The Foundation will be exceptionally closed on the 22nd, 25th, and 26th of July. However, it will be open on the following dates:

  • 23rd July: from 11 am to 8 pm
  • 24th July: from 11 am to 8 pm
  • 27th July: from 10 am to 6 pm
  • 28th July: from 10 am to 8 pm

Pénétrable BBL bleu

  • 1999
  • Jesús Rafael Soto
  • Peinture sur aluminium, fils de PVC
  • 366.5 x 1400.0 x 470.5 cm

In the 1970s, he developed his many “Virtual Volumes” and “Penetrables” in cubic, parallelepipedal, spherical, and ovoid shapes, at times adapted to exhibition spaces and at others conceived on a monumental scale for existing buildings, like the one in Paris on the terrace of the MAMVP/ARC. Pénétrable BBL Bleu (1999) exists as a form in space and as doors to color, evoking both painting and sculpture. For Soto, matter, time, and movement constitute a “trinity” that defines all aesthetic relationships. The visual experience must be accompanied by touch and hearing to form a complete environment.

© Adagp, Paris, 2019 © Primae / David Bordes © Adagp, Paris, 2019 © Primae / David Bordes


Jesús Rafael Soto

Jesús Rafael Soto was born in 1923 in Ciudad Bolívar, Venezuela, and died in 2005 in Paris, France. He was one of the main exponents of Kinetic art, the art of movement. He served as director of the Escuela de Bellas Artes in Maracaibo, Venezuela, then received a scholarship that allowed him to move to Paris in 1950. He took part in Le Mouvement (Movement) at Galerie Denise René in Paris, the 1955 exhibition that effectively launched Kinetic art. He also had works in the exhibitions of the ZERO group in an exploration of immateriality. In his earliest works, Soto was already endeavouring to move beyond representation of two-dimensional geometric shapes and introduced movement using the device of repetition. The viewer is central to Soto’s œuvre. In 1967, he produced his first Pénétrables, works composed of metal rods and nylon strands hanging in space.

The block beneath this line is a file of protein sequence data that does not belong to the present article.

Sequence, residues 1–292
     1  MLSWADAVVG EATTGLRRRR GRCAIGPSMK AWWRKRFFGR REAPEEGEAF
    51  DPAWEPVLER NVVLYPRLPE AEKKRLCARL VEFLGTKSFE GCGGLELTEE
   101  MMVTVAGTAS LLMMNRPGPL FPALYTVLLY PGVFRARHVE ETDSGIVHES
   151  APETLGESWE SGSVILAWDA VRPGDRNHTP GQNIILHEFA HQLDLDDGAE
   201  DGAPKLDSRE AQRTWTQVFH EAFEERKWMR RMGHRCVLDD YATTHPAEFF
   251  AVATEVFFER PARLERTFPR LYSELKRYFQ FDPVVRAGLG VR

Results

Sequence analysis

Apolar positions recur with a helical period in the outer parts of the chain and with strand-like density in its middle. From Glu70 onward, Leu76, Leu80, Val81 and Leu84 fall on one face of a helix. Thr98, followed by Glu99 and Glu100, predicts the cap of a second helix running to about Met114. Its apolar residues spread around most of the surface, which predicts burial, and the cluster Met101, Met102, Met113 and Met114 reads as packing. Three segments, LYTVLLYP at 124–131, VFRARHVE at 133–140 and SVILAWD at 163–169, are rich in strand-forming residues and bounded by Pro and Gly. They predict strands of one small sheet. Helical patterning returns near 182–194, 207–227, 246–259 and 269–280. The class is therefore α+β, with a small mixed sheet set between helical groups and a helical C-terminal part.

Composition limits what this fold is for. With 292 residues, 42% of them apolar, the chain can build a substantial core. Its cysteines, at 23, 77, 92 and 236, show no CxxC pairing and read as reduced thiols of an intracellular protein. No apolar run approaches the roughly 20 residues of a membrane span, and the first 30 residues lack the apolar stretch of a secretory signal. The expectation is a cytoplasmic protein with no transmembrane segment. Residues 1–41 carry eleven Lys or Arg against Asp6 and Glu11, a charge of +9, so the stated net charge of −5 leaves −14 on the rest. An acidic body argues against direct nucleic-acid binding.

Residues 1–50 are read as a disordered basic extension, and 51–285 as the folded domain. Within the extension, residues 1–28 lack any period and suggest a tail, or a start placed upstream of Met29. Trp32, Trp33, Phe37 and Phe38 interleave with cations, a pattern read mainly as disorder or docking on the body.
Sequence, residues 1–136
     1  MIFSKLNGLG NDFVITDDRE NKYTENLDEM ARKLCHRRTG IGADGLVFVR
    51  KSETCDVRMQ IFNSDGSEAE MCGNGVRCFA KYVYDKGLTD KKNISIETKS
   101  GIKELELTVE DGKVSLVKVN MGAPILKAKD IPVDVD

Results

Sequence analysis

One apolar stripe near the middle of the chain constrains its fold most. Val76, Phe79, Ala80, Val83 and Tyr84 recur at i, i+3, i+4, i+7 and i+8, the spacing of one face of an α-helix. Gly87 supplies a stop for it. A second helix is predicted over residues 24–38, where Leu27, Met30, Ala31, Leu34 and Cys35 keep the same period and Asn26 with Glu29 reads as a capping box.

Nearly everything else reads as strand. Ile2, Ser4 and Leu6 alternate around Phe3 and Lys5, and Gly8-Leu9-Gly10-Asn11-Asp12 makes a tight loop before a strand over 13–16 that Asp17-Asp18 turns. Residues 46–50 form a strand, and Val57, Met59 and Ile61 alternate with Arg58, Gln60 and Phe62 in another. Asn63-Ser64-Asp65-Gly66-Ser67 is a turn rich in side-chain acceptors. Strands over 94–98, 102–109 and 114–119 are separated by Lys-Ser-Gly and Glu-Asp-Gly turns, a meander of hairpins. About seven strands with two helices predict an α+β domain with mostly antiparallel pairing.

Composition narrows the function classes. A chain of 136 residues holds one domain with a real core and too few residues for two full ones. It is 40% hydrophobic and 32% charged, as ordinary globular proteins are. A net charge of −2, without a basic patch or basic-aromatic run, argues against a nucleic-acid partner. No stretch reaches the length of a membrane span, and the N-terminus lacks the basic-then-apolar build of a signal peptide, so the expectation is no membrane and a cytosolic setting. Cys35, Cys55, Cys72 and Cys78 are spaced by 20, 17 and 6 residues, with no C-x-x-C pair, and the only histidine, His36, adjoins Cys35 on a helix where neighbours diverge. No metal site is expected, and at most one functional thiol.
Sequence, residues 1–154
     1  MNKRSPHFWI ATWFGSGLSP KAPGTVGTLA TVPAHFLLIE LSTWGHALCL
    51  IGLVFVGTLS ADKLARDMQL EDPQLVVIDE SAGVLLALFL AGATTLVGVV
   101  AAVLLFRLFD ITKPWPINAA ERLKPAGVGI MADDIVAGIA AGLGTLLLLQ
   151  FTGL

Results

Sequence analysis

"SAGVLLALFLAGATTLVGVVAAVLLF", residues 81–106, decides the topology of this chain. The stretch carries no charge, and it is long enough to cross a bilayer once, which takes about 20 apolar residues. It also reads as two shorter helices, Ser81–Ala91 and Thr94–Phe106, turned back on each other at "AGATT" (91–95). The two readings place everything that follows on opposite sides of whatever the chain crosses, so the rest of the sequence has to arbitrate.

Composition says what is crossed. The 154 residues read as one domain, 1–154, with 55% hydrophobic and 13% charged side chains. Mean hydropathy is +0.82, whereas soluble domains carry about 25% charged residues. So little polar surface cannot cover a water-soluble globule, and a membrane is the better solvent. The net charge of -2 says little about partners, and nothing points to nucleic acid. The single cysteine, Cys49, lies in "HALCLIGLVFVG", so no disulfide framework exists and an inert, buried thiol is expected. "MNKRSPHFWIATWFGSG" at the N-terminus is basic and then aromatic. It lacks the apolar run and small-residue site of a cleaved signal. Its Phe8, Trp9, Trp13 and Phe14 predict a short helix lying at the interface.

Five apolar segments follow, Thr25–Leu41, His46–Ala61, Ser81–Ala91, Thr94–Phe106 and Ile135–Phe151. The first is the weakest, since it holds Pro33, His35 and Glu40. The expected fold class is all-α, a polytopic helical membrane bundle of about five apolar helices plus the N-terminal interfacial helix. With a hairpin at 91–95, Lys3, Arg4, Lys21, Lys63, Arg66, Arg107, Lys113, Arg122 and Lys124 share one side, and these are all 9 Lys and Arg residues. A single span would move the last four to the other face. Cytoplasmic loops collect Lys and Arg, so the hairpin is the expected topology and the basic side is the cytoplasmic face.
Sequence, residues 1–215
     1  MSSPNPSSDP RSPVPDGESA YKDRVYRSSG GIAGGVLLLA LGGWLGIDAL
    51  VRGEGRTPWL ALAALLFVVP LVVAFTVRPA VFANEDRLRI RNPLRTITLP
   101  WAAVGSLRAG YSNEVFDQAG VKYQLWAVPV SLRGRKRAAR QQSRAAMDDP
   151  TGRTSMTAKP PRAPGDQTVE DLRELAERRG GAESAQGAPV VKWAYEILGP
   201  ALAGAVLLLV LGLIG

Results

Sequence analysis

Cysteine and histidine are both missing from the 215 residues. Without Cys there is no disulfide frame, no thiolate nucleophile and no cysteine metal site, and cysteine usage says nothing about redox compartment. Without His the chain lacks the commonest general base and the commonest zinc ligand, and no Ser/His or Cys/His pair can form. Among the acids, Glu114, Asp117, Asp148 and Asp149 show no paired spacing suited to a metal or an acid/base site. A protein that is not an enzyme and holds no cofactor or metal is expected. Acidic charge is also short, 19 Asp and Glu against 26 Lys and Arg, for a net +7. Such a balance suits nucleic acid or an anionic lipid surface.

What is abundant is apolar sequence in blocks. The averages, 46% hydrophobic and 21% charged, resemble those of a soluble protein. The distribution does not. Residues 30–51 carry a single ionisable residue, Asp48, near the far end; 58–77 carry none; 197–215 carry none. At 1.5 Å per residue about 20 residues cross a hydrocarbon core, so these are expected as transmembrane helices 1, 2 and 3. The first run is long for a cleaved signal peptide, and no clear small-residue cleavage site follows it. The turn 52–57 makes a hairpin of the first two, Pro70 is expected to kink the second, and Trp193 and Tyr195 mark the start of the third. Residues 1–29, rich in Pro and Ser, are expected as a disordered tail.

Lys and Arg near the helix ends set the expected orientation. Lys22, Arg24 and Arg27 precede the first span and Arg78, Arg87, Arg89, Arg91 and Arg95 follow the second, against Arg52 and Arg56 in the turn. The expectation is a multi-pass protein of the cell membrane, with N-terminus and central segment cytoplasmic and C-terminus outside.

The first major solo exhibitions of Soto’s work took place in 1968, at the Kunsthalle in Berne, Switzerland, and the Stedelijk Museum in Amsterdam, the Netherlands. More solo exhibitions followed at the Musée d’Art Moderne de la Ville de Paris in 1969; the Guggenheim Museum in New York City, USA, in 1974; and, the Museo de Arte Contemporáneo de Caracas, Venezuela, in 1983. More recent Soto-centred exhibitions include those at the Musée du Jeu de Paume in Paris in 1997; the Centro Cultural del Conde Duque in Madrid, Spain, in 1998; a major traveling retrospective exhibition in 2005 entitled Visión en Movimiento at the Museo Tamayo, Mexico; the Proa Foundation, Argentina; and the Galleria d’Arte Moderna e Contemporanea, Bergamo, Italy.

Soto was commissioned to make numerous monumental works for public spaces and buildings around the world, including at the UNESCO headquarters in Paris, 1969; the Teatro Teresa Carreño in Caracas, 1972; the Grand Hall de la Régie Renault in Paris, 1975; the Royal Bank of Toronto, Canada in 1977; the Centro Banaven in Caracas, 1979; and the Centre Pompidou in Paris, 1987. In 1973, with the aid of his architect friend Carlos Raul Villanueva, Soto built the Museo de Arte Moderno Jesús Soto in his native city of Ciudad Bolivar to house the sizeable collection of geometric and kinetic works he amassed throughout his life. The museum also contains many of Soto’s own most important works.

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